BBC World Service's The World Today programme is asking migrants who have been successful in their adopted countries how they got to the top of their field.
Musician, composer and producer Eduardo Makaroff comes from the birthplace of tango - the Argentinian capital, Buenos Aires. He moved to Paris where he met up with two DJs, and they collaborated on what they considered to be short project. But the single they produced was so popular that the one-off Gotan Project expanded into a permanent group and a first album.
I lived in Argentina for 36 years doing a lot of things around music, TV programmes, radio programmes and television for children.
I went to live in Paris 14 years ago. I went there mainly as a tango artist, but also as a producer. I developed my career basically with tango.
The Gotan Project: From one-off to permanent group
With the Gotan Project, we make tango music from my hometown Buenos Aires meet with electronic music from everywhere. It's amazing that it works.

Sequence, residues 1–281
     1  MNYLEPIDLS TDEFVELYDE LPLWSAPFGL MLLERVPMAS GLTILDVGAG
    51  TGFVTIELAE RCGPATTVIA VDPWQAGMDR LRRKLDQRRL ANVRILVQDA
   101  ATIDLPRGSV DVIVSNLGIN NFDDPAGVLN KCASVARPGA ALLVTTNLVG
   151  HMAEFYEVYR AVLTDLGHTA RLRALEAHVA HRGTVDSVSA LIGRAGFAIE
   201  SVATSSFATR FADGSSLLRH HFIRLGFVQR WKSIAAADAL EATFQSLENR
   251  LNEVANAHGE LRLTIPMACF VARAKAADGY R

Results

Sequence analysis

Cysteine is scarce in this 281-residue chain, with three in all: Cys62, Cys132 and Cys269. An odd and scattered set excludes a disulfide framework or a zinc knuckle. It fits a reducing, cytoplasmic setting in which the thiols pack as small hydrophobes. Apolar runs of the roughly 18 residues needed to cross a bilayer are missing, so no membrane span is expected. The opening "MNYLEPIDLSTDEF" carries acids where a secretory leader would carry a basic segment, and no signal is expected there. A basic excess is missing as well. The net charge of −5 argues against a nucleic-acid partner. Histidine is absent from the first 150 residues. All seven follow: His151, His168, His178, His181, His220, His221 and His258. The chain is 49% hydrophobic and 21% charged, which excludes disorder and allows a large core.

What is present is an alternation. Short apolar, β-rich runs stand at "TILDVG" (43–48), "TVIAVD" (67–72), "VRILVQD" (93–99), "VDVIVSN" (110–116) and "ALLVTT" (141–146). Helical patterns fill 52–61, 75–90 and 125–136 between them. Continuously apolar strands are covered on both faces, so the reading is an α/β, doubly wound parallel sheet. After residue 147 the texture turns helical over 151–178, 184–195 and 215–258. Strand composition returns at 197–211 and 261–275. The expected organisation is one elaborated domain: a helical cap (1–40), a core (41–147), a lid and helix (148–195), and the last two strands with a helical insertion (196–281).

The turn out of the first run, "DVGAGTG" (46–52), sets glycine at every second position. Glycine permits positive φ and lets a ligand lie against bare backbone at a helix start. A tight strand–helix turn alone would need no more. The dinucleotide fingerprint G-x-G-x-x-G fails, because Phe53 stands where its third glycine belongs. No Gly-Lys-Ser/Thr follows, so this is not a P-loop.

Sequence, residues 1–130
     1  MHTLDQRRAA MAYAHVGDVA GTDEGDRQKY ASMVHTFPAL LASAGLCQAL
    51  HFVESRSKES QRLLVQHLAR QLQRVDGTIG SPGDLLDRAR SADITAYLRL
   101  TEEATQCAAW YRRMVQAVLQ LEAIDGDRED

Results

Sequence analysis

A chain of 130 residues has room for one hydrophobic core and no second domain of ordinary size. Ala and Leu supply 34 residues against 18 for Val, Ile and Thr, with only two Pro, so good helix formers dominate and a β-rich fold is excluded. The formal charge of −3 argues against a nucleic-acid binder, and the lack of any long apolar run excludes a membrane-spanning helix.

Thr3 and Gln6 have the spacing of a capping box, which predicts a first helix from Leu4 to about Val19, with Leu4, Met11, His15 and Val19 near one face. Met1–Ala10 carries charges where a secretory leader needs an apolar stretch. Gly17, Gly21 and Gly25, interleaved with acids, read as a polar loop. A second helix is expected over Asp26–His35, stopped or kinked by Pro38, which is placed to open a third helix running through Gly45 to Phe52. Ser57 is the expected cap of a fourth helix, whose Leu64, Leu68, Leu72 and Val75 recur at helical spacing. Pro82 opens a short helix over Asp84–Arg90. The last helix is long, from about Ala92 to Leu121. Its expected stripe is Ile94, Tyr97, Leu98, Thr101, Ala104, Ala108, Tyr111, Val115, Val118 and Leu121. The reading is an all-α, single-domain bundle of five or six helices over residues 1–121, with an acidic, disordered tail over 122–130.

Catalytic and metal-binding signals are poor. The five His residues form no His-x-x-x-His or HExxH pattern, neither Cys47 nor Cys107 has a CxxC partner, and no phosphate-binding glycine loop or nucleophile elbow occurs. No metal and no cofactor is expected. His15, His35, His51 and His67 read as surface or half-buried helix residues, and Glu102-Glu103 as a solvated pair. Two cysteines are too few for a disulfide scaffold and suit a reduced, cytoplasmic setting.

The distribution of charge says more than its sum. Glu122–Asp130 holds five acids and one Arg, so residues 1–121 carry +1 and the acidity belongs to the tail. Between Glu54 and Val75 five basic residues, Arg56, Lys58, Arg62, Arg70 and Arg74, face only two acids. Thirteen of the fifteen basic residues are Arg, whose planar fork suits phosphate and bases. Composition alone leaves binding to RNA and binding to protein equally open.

You know, Paris is the second capital of tango music.
Historically it's in Paris where tango became very important and accepted by everyone in the world and where tango can develop because a lot of composers, musicians, singers, a lot of writers and dancers from Buenos Aires went to Paris to develop and to create.
So Carlos Gardel made his first film in Paris. Piazzolla lived in Paris for many years.
My case is quite a normal case of a tango musician from Buenos Aires who went to Paris to continue his career. Because I have two little children who were born there four and two years ago, I can say that my home now is in Paris - in the Boulevard St Germain.
Of course I lost something by moving from Argentina to Paris, I lost a lot of things.
But it was a choice. We left a lot of beautiful things behind in Argentina.
The Europeans - maybe they don't have so much "calor humano", you know - human warmth. I left my family, a lot of friends.
But I'm very happy to be in Paris and not in Argentina now because of all the good things we have here. Argentina is now a disaster.
I think that the fusion of different strands of music I put together with the Gotan Project proves that we can do a lot of new things in our music. Sometimes in Paris you are more open-minded.
But in Argentina there is also a lot of creativity. So it's a bit of a ping-pong. I have a lot of Argentinian musicians and friends who were living in Paris before me.
So, we go and we come back.
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